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The Cryosphere An interactive open-access journal of the European Geosciences Union
© Author(s) 2015. This work is distributed under
the Creative Commons Attribution 3.0 License.
Research article
11 Nov 2015
Review status
This discussion paper is a preprint. A revision of the manuscript for further review has not been submitted.
Antarctic slush-ice algal accumulation not quantified through conventional satellite imagery: Beware the ice of March
J. L. Lieser1, M. A. J. Curran1,2, A. R. Bowie1,3, A. T. Davidson2, S. J. Doust2, A. D. Fraser1,4, B. K. Galton-Fenzi1,2, R. A. Massom1,2, K. M. Meiners1,2, J. Melbourne-Thomas1,2, P. A. Reid5, P. G. Strutton3,6, T. R. Vance1, M. Vancoppenolle7, K. J. Westwood1,2, and S. W. Wright1,2 1Antarctic Climate & Ecosystems Cooperative Research Centre, University of Tasmania, Private Bag 80, 7001 Hobart, Australia
2Australian Antarctic Division, Channel Highway, 7050 Kingston, Tasmania, Australia
3Institute for Marine and Antarctic Studies, University of Tasmania, Private Bag 129, 7001 Hobart, Tasmania, Australia
4Institute of Low Temperature Science, Hokkaido University, Sapporo, Hokkaido, 060-0819, Japan
5Bureau of Meteorology (CAWCR), G.P.O. Box 727, 7001 Hobart, Tasmania, Australia
6Australian Research Council Centre of Excellence for Climate System Science, University of Tasmania, 7001 Hobart, Tasmania, Australia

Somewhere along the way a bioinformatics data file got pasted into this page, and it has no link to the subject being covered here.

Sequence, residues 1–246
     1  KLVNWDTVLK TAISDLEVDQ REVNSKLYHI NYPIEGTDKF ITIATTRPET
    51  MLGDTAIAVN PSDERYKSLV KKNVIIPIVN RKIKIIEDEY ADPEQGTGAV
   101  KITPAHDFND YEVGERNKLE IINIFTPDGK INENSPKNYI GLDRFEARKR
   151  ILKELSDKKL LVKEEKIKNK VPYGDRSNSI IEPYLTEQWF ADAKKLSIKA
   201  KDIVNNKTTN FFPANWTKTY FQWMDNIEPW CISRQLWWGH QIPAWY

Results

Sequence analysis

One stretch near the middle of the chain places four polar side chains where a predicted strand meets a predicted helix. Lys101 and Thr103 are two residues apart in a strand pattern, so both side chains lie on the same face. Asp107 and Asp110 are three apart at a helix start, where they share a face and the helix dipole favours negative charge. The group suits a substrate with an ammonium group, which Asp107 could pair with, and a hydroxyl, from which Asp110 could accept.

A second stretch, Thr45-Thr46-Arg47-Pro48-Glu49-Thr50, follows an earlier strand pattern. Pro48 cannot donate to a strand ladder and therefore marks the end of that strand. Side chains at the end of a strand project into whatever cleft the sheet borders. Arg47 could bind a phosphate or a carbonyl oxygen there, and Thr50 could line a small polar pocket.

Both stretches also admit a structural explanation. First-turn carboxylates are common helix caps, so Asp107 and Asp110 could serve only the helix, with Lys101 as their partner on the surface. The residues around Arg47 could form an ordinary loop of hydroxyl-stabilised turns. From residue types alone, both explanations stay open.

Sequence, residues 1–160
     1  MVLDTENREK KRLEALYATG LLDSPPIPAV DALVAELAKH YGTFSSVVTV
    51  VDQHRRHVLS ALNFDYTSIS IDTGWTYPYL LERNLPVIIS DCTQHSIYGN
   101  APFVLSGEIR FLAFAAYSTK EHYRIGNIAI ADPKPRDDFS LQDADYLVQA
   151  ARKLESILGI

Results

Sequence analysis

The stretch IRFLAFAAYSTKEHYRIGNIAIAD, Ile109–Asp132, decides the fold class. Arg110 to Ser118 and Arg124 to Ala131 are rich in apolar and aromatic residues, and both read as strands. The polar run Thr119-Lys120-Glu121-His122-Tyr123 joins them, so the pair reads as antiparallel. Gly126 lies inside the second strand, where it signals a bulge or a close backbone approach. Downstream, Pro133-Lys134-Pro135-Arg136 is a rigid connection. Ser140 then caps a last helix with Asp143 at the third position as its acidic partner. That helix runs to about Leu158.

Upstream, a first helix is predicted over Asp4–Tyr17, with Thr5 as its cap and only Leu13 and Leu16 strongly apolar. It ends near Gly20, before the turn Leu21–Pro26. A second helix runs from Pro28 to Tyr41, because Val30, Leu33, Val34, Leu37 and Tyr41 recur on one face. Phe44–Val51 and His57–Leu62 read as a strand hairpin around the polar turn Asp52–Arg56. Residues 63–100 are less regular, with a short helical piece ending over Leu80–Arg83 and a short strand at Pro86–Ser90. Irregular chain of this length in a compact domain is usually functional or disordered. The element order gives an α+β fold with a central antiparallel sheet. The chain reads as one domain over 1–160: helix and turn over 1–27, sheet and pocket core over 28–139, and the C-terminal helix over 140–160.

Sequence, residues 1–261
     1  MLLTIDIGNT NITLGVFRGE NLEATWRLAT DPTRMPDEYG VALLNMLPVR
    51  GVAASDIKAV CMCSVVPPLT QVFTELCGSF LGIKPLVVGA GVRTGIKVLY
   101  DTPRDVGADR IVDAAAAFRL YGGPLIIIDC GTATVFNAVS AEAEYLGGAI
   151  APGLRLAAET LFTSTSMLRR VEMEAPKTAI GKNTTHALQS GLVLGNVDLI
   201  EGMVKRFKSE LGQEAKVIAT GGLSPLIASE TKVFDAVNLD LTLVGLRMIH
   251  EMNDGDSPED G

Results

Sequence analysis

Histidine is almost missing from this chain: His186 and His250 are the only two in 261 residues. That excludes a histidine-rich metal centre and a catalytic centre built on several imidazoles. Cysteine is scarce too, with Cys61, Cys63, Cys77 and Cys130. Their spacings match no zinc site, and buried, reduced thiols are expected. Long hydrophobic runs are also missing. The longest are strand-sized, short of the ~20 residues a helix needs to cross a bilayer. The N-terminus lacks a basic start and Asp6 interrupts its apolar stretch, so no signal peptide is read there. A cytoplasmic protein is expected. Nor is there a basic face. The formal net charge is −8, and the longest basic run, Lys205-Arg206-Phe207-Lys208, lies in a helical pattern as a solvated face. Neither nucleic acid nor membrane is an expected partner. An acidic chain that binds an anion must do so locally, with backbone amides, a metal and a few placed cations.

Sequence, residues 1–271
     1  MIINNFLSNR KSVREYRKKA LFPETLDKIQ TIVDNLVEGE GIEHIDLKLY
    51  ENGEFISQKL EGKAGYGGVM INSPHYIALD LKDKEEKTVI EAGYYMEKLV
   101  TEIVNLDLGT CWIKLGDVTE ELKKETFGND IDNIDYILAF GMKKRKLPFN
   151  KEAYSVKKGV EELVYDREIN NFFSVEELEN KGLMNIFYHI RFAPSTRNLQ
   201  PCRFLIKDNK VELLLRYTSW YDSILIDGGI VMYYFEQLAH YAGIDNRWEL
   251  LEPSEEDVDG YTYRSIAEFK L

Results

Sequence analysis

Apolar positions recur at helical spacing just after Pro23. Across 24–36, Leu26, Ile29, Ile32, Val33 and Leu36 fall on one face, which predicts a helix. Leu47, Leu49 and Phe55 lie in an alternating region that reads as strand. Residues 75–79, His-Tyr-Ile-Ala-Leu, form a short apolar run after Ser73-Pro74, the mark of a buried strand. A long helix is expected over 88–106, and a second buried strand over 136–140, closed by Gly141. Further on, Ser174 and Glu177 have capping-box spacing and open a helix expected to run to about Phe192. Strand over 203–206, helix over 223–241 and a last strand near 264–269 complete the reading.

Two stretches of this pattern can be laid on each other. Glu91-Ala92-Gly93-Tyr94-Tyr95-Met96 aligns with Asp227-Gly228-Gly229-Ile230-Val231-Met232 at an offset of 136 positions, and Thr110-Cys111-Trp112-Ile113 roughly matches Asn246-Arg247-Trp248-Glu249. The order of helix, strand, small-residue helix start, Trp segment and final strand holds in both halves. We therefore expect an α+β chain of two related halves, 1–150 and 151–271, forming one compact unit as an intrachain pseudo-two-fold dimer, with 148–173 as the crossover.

7Laboratoire d'Océanographie et du Climat (Expérimentations et Approches Numériques), L'OCÉAN – UMR7159 CNRS/IRD/UPMC/MNHN, IPSL Bote 100, 4 Place Jussieu, 75252 Paris CEDEX 05, France
Abstract. Our current knowledge of broad-scale patterns of primary production in the Southern Ocean is derived from satellite ocean-colour estimates of chlorophyll a (Chl a) in the open ocean, typically in spring-summer. Here, we provide evidence that large-scale intra-ice phytoplankton surface aggregation occur off the coast of Antarctica during austral autumn, and that these "blooms" are largely undetected in satellite ocean-colour time series (which mask the ice-covered ocean). We present an analysis of (i) true-colour (visible) satellite imagery in combination with (ii) conventional ocean-colour data, and (iii) direct sampling from a research vessel, to identify and characterise a large-scale intra-ice algal occurrence off the coast of East Antarctica in early autumn (March) 2012. We also present evidence of these autumn "blooms" in other regions (for example, Princess Astrid Coast in 2012) and other years (for example, Terra Nova Bay in 2015) implying regular and widespread occurrence of these phenomena. The occurrence of such undetected algal accumulations implies that the magnitude of primary production in the Southern Ocean is currently underestimated.

Citation: Lieser, J. L., Curran, M. A. J., Bowie, A. R., Davidson, A. T., Doust, S. J., Fraser, A. D., Galton-Fenzi, B. K., Massom, R. A., Meiners, K. M., Melbourne-Thomas, J., Reid, P. A., Strutton, P. G., Vance, T. R., Vancoppenolle, M., Westwood, K. J., and Wright, S. W.: Antarctic slush-ice algal accumulation not quantified through conventional satellite imagery: Beware the ice of March, The Cryosphere Discuss.,, in review, 2015.
J. L. Lieser et al.


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